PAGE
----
Pauline S. Schneegas Wildlife Foundation Helps With Illegal Bear Baiting
By DAVE BUCHANAN The Daily Sentinel
Sunday, October 21, 2007
A case of illegal bear-baiting and the resultant fines have made an anti-hunting animal rights groups $500 richer.
An attorney for Craig Miller, 44, of Little Canada, Minn., told a Pitkin Country District Court judge earlier this week that Miller was “taking some shortcuts” during an abbreviated hunting trip to Colorado in late August when he baited and killed a black bear the day before bear season began.
In addition to killing the bear out of season, Miller pleaded guilty to baiting and abandoning the bear’s meat, both illegal in Colorado.
The Colorado Division of Wildlife levied fines for the infractions totalling $5,300, but District Court Judge Charles Buss also tacked on two years of unsupervised probation, revoked Miller’s hunting privileges for five years in Colorado and directed Miller to donate $500 to People for the Ethical Treatment of Animals instead of serving community service.
You might be familiar with Buss, who served locally before retiring several years ago. He was sitting on the Pitkin County court as a fill-in for the vacationing Judge James Boyd.
Why Buss chose a fringe group to profit from a stupid mistake is anyone’s guess, but perhaps no one is more confounded by Buss’ inexplicable largesse than ethical hunters and the DOW.
Fines from wildlife violators usually go toward wildlife management and education, and in this case it would seem there are plenty of local causes that might use $500, particularly with the scourge of bear problems recently confronting Aspen.
“Judge Buss didn’t consult with us or we would have suggested something that would address some local issues,” DOW spokesman Randy Hampton said. “We’re not going to criticize the judge’s decision, but if he had asked us, we would have suggested other uses for the money, such as purchasing bear-proof trash cans or contributing the money to the Pauline Schneegas Wildlife Foundation.”
It’s doubtful any wild animals actually will benefit from the PETA donation, since the group seems to do little but campaign for funds and promote vegetarianism. PETA spokeswoman Daphna Nachminovitch told Aspen Times reporter Joel Stonington that the money would go into the anti-hunting group’s general fund.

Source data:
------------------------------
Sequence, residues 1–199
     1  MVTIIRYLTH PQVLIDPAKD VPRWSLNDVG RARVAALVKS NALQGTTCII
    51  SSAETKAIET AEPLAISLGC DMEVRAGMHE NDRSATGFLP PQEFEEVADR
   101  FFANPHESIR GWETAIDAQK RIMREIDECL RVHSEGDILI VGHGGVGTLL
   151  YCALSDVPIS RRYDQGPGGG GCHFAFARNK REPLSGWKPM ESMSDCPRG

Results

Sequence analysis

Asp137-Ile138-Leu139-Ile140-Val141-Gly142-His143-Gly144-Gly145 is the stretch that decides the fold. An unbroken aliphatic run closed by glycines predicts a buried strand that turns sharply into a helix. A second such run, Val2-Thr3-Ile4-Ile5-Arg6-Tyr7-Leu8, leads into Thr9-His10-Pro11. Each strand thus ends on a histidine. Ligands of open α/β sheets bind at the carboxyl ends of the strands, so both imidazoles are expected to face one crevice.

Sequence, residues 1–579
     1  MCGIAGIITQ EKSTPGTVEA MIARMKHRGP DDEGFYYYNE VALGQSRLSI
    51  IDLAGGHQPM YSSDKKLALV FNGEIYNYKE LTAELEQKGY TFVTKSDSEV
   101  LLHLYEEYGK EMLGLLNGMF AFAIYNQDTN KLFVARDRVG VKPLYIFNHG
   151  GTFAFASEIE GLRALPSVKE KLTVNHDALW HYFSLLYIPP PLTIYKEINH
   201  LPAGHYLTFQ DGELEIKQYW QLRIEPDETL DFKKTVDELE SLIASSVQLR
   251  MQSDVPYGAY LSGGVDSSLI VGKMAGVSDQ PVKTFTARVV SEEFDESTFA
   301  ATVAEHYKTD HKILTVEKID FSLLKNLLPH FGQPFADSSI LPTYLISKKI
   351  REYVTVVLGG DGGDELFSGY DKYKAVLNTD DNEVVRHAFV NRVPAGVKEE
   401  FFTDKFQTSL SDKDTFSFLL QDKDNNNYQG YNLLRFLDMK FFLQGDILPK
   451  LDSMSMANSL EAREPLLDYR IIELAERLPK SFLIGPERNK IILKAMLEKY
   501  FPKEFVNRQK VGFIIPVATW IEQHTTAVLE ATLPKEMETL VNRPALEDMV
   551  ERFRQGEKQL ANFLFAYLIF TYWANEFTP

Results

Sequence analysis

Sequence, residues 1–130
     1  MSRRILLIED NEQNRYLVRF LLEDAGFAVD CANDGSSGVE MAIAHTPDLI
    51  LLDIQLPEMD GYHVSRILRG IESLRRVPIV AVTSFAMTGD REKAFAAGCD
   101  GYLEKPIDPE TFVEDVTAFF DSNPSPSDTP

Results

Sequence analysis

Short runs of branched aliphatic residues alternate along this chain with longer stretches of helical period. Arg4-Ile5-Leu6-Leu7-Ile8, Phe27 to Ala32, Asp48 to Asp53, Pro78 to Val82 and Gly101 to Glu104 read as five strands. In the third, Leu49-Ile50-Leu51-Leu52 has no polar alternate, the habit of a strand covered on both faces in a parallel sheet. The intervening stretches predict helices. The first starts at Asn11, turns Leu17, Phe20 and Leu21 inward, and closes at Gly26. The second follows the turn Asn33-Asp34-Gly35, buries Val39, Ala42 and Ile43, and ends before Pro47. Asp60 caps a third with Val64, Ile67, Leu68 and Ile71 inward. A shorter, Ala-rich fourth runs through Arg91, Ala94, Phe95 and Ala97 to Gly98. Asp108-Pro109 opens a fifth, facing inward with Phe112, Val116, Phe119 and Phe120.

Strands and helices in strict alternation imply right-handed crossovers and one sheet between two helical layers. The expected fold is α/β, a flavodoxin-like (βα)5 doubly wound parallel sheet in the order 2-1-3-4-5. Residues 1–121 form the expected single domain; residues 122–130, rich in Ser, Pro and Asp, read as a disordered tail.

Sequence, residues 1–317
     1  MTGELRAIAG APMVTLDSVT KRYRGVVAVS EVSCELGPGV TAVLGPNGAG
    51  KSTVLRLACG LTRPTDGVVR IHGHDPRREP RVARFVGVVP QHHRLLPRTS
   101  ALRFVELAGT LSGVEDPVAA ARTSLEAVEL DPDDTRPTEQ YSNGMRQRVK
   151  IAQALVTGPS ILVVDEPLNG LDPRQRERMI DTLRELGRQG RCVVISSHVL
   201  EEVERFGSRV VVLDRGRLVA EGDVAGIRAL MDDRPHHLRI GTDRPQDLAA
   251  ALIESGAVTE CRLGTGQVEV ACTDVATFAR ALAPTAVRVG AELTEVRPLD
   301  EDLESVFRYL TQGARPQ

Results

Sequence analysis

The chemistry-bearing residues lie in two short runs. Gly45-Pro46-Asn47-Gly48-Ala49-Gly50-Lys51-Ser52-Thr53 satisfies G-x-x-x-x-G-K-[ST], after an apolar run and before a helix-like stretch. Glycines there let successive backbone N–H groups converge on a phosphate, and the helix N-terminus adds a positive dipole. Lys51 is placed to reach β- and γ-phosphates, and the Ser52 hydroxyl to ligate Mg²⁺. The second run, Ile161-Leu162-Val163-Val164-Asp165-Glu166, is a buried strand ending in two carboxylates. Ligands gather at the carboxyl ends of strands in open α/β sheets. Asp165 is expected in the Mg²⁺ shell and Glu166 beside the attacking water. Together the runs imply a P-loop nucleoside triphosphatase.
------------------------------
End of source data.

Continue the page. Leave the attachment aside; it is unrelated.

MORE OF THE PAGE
You think they’ll make a donation to the Schneegas Wildlife Foundation?
The foundation, formerly known as the Western Colorado Wildlife Rehabilitation Center, is south of Silt and among its current feathered and furred residents are 16 bear cubs, preparing them for the time they will be returned to the wild.
According to the not-for-profit foundation’s Web site, www.schneegaswildlifefoundation.org, since 1984 the center has rehabilitated and released 4,500 wild animals. The center also is permanent home to some animals that can’t be returned to the wild, including two wolves and a couple of “resident” mountain lions.
The center spends $4,400 a month feeding its animals, says Executive Director Nanci Limbach.
“We figured it out one time and came up with $8 to $10 a day” for bear cubs, Limbach said. “That’s probably pretty low since I’m figuring in the donations we get.”
Limbach said a young bear can eat up to 30 pounds of food a day getting ready for hibernation. Some of the younger and more sickly bear are fed applesauce and yogurt until their digestive systems are healthy.
“It’s expensive feeding a bear,” Limback said. “With all these people in Aspen feeding the bears illegally, if they want to feed a bear, why not give us a donation and feed them legally?”
According to reports in Aspen newspapers, Miller’s attorney, John Van Ness of Woody Creek, told Buss that Miller was attempting to cut short his hunting trip to Colorado and decided to lure in a bear with bait, an action Miller acknowledged he knew was illegal.
The DOW report says Miller used canned dog and cat food to lure in the bear, which he shot with an arrow. He was ticketed after he attempted to obtain a seal from DOW, which is necessary to have taxidermey work done on the bear hide. Investigation by wildlife officers turned up Miller’s offenses.
Buss’ authority allowed him to revoke Miller’s hunting privileges only in Colorado, but pending a hearing with the DOW, Miller might lose hunting privileges in 24 other states as well.
Colorado is one of 25 states belonging to the Interstate Wildlife Violators Compact and the member states recognize hunting and fishing suspensions meted out by the other states. Hampton said Miller will have a hearing to determine the extent of his revocation.
Dave Buchanan can be reached via e-mail at firstname.lastname@example.org.
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